When Jesus proclaims good news to the poor, it isn’t just a metaphor. “Go in peace; keep warm and eat your fill” (James 2:16) is not good news to those who have no food or clothes. Jesus’ concern for those who suffer the crushing effects of poverty rings throughout Luke’s Gospel.

To give just a few examples, Jesus blesses the poor and pronounces woe on the rich (6:20–26); he tells a young ruler to sell all he has and give it to the poor (18:18–26); the salvation that comes to Zacchaeus’ house “today” includes giving half of his possessions to the poor and paying back four times as much as he took from people through fraud (19:1–10); and when John the Baptist sends messengers to inquire whether Jesus is really the one who is to come, Jesus says, “Go and tell John what you have seen and heard: the blind receive their sight, the lame walk….the poor have good news brought to them” (7:18–23).

Jesus does not separate economics from spirituality. The salvation that Jesus brings embraces spirit, soul, and body. It brings release from sin and from debt (compare Luke 6:4: “forgive us our sins, for we ourselves forgive everyone indebted to us”).

Today, Jesus says, Isaiah’s prophecy of release is fulfilled. This sounds like good news to his hearers in Nazareth, at least if all that healing and release is meant for them. But when Jesus reminds them that God’s love extends beyond their borders, that Elijah helped a woman from Sidon and Elisha healed a hated Syrian, they conclude that his message is really bad news. In order to accept his teaching, they would have to change their attitudes toward outsiders. They would have to include people they routinely exclude. They would have to believe that God’s salvation is really for all flesh, and not just for them.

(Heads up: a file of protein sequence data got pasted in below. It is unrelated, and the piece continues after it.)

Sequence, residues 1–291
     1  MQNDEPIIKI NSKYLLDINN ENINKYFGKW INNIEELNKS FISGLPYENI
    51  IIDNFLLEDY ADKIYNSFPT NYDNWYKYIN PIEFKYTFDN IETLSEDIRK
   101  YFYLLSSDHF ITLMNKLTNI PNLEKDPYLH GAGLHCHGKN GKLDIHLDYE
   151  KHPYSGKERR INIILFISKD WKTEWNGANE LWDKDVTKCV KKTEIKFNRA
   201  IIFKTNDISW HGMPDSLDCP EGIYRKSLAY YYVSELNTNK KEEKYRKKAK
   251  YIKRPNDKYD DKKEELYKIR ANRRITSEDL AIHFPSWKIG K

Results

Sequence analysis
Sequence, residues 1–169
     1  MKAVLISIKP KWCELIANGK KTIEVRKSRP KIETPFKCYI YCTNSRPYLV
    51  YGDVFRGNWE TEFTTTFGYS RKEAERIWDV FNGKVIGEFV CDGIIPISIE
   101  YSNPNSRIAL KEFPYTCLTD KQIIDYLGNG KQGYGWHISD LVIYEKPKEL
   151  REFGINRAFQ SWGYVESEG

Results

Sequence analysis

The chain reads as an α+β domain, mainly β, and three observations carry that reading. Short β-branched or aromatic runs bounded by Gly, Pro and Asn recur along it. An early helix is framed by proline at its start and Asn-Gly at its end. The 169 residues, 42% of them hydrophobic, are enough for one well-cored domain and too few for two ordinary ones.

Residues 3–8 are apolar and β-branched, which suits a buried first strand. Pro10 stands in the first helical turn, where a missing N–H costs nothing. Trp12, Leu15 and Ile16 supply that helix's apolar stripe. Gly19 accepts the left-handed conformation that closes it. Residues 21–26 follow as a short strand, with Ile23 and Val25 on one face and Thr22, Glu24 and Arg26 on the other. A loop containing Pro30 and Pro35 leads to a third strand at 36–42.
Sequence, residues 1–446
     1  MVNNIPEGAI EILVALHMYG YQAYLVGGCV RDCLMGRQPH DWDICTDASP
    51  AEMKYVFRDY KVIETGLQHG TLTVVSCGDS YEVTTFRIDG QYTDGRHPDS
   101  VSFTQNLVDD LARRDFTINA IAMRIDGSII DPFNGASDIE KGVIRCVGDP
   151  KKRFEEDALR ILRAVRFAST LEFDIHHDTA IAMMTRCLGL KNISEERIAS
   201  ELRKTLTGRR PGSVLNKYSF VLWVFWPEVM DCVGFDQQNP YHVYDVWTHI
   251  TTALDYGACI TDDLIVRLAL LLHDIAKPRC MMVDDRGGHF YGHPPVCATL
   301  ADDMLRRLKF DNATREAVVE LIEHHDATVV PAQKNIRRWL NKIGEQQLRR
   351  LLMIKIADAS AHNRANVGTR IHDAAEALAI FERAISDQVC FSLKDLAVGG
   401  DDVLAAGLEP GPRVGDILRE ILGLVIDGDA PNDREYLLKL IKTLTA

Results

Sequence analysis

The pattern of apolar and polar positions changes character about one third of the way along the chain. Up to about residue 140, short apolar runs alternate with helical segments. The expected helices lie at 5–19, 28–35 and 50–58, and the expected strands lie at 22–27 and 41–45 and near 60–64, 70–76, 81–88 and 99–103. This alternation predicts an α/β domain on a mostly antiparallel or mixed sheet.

That is more transformation than Jesus’ hometown hearers can handle. In their angry desire to make God’s salvation serve their own purposes, they try to kill Jesus. But Jesus mysteriously slips out of their grasp and goes on his way.

The episodes immediately after the scene in Nazareth show Jesus beginning to practice what he preaches. He frees a man from the demons (Luke 4:31–37), heals Simon’s mother-in-law (4:38–39), and reaches out to touch, heal, and free everyone who comes to him for help (4:40–41). The rest of the Gospel of Luke will show Jesus healing the broken and welcoming even the most crushed and downtrodden people: tax collectors, hemorrhaging women, prostitutes, the beggars and the homeless.

He forgives them and frees them, welcomes them and changes them. He has been anointed to bring freedom from sin and freedom from sinful structures. He has been anointed to create a new community that breaks down the barriers between insider and outsider, Jew and Gentile, rich and poor. In him, all flesh shall see God’s salvation.